• What are some do’s and don’ts for early allergen introduction?
    • DO: Start with other solids first!
      • We recommend introducing commonly allergenic foods after your little one has successfully eaten other solid foods like cereals, veggies, or meat purees!
    • DON’T: Introduce multiple allergens at one time.
      • This way, if there is any sign of a reaction, you will know which food caused it.
    • DO: Start Small!
      • Begin with a small amount of the allergen and monitor your baby.
    • DON’T: Use whole nuts or nut butter.
      • These are common choking risks to babies and toddlers. Prep soft foods that are easily dissolved with saliva.
    • DO: Download the Early Allergen Introduction guide for more Do’s and Don’ts to Early Introduction.
  • What is a baby-friendly way to introduce a top allergen?
    • In the guide, Mission MightyMe shares baby-friendly ways to introduce the 9 most common allergens, including; peanut, egg, tree nut, dairy, soy, sesame, wheat, & fish/shellfish.
    • How can peanuts be introduced to a baby?
      • Mission MightyMe has created the “Proactive Peanut Puff.”
        • This peanut puff is made from smooth peanut butter diluted with warm water and cooled.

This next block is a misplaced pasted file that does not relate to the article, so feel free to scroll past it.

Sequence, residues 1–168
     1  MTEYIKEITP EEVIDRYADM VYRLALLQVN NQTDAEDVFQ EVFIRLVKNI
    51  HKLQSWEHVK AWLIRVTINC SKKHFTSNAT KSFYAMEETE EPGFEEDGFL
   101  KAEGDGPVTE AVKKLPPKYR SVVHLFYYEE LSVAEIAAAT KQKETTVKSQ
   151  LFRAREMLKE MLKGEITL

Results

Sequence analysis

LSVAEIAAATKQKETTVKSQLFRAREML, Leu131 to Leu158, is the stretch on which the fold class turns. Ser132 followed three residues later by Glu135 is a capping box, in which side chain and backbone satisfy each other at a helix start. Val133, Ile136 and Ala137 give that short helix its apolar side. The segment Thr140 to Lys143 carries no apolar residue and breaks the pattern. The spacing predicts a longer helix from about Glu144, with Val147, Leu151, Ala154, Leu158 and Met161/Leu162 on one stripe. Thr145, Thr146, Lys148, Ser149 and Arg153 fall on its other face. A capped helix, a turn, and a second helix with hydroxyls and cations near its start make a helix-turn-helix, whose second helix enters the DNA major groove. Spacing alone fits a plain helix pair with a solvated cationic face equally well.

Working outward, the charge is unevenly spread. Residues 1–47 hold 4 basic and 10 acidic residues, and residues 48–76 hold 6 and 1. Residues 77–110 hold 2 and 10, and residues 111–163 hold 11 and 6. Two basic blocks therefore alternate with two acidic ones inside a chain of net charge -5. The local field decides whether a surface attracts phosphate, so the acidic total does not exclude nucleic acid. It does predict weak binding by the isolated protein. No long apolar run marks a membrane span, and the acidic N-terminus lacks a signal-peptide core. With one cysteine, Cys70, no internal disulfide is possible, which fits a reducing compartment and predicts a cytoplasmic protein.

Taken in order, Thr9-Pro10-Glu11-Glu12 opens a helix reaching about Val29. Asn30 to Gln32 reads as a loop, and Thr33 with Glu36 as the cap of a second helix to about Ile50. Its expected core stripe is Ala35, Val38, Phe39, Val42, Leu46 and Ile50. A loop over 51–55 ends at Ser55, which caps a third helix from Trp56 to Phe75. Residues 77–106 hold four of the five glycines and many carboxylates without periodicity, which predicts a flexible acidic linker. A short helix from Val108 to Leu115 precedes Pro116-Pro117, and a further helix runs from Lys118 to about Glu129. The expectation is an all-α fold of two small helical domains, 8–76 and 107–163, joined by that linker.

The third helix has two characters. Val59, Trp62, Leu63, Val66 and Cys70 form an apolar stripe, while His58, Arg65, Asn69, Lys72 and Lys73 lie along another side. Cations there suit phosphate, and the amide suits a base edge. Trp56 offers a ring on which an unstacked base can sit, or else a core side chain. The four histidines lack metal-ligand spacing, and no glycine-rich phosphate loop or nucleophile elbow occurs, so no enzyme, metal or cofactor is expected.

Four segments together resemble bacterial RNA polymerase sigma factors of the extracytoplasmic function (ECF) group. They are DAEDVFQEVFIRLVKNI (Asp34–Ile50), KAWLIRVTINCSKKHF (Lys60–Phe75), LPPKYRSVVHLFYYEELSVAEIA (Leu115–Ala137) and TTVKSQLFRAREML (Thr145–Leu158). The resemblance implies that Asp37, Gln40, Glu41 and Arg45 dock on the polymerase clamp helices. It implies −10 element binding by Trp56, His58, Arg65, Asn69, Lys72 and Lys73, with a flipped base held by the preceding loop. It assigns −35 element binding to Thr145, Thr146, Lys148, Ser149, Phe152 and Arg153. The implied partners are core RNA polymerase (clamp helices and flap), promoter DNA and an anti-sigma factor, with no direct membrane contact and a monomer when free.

• How can you diversify a baby’s diet?
    • Once you have introduced each allergen separately, you can begin integrating them into your weekly meal planning. This way baby gets all the benefits of early allergen introduction and a diverse diet!
  • What’s Next?
    • HAVE FUN!
    • Here’s a note from Laura Hunter, LPN, and Jennifer Walker, RN, BSN, Co-Founders here at Moms on Call.
      • “The important thing to remember when starting solids is to HAVE FUN! We want a low-stress environment for both your baby AND you! Introduce your baby to a wonderful variety of tastes and textures by adding a new baby food about every 3 days. Look out; they make faces, and they spit! Don’t get discouraged. They will get it. Let the messy taste testing begin!”

Download the Early Allergen Introduction Food Guide Here!

You’ve got this!

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Transitioning to the 4-6 Month Routine Without Starting Solids

Transitioning to the 4-6 Month Routine Without Starting Solids